Typescript Abstract Classes

Typescript is pretty awesome and because of that, I have been falling in love with it as of late. Though I seldom venture beyond using interfaces and inline type definitions, Typescript really does offer much, much more.

Today I want to take a moment to look at abstract classes and methods within Typescript.

Abstract classes

The over-simplified definition of abstract classes in Typescript is that they are to Javascript classes, what interface is to Javascript objects. They provide implementation details and potentially some scaffolding information to create instances of a particular class. Similar to an interface, nothing from an abstract class definition actually exists at runtime.

Here is an example of abstract classes in action:

There are some interesting things going on here. First, you can see that we were able to create a child class BMW that inherited from our abstract class, Car. Further, we can see the main difference between an abstract class and a “regular” one by trying to create an instance of the Car class directly – as our compiler throws an error saying “No, No, gypsy! You cannot due that”.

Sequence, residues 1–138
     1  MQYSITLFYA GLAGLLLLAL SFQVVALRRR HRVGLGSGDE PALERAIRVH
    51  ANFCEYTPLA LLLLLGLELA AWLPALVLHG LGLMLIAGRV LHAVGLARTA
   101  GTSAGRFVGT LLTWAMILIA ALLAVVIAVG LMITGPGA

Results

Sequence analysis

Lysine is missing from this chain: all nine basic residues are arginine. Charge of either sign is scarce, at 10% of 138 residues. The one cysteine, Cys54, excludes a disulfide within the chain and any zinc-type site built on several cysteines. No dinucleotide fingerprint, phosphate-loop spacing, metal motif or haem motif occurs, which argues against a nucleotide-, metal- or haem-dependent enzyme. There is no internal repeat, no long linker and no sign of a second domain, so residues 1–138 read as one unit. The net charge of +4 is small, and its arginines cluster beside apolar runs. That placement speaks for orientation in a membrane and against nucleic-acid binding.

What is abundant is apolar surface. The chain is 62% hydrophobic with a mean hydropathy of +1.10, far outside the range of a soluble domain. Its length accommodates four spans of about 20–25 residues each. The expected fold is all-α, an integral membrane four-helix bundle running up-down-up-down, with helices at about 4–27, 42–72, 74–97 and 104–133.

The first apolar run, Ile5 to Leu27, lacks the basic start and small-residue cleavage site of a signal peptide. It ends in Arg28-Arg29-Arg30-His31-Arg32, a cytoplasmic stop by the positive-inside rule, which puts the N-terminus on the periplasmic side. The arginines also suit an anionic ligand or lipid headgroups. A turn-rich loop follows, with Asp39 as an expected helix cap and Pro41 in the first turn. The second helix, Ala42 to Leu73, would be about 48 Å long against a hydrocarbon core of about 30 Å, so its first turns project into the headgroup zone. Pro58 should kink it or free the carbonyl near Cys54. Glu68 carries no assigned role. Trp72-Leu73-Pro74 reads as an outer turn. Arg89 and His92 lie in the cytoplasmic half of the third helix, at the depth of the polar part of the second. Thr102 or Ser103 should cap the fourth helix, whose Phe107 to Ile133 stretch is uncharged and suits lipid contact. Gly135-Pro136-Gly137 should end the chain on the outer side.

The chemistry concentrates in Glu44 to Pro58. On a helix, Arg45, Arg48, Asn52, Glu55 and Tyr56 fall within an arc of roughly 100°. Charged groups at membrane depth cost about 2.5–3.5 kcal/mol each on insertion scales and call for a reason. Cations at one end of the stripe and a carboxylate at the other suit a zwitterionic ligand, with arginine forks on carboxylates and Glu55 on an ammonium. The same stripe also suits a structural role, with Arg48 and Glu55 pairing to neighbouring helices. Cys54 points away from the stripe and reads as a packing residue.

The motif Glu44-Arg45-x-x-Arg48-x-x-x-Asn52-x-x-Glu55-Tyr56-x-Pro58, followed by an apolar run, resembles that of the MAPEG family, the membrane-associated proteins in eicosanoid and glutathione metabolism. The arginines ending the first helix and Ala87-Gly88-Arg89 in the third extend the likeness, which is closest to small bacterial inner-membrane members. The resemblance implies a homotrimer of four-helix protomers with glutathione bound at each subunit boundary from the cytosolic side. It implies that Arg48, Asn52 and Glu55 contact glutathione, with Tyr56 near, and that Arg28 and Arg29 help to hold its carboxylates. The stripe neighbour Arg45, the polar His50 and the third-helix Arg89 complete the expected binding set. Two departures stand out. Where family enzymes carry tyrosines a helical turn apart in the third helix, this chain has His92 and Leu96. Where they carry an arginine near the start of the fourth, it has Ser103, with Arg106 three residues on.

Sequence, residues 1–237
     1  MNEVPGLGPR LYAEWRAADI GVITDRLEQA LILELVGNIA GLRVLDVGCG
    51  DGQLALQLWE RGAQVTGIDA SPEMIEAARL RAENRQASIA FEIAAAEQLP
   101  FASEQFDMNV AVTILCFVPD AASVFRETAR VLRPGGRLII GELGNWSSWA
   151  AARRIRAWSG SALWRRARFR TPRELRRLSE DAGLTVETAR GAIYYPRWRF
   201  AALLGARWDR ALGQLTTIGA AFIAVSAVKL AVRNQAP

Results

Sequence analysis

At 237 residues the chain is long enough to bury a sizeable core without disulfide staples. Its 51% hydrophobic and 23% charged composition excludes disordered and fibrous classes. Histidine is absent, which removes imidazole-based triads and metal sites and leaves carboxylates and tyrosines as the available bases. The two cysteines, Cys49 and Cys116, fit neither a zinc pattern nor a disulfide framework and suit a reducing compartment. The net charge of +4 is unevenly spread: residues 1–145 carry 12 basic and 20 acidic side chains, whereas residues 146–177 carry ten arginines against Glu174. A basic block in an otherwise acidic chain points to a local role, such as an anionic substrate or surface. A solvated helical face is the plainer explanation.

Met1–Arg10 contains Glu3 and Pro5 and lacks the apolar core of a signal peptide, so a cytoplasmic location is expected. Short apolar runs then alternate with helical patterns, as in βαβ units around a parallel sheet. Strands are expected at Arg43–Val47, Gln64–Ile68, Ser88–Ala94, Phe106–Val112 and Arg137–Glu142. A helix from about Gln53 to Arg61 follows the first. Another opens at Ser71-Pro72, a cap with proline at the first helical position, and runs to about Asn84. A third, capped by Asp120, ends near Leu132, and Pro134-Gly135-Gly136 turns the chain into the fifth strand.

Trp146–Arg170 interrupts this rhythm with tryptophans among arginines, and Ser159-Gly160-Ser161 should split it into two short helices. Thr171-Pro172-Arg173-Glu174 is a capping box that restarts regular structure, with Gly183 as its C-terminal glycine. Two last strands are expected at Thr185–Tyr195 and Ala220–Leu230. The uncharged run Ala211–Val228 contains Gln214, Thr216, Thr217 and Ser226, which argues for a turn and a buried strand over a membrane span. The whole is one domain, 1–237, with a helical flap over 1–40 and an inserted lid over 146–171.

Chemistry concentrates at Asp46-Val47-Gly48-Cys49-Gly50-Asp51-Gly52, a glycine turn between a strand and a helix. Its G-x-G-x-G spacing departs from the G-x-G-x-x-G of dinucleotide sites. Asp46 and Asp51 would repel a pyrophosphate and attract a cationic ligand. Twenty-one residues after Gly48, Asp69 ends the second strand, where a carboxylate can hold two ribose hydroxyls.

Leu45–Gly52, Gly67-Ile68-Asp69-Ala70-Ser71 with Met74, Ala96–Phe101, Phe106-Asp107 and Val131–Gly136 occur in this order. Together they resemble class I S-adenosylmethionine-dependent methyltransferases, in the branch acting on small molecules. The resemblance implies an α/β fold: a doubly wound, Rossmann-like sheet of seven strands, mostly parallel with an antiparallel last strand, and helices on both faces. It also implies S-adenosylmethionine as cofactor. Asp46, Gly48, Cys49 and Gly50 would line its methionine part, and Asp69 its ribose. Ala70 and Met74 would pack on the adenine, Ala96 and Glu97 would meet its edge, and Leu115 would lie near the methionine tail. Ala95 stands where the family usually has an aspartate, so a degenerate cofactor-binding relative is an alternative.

Another interesting thing is when we look at the methods in the abstract class Car. Since the method typesOfCar is an abstract one, all it is being used for here is to tell any children of Car that they must have a method called typesOfCar defined and that it must return void. However, by looking at the method definition for countWheels(), the abstract key word is noticeably absent. In this case, any children derived from Car will inherit that method as they normally would.

I wrote this post mostly for myself to better my understanding of Typescript’s awesomeness. I hope it helps others out as well.

This project is maintained by chief10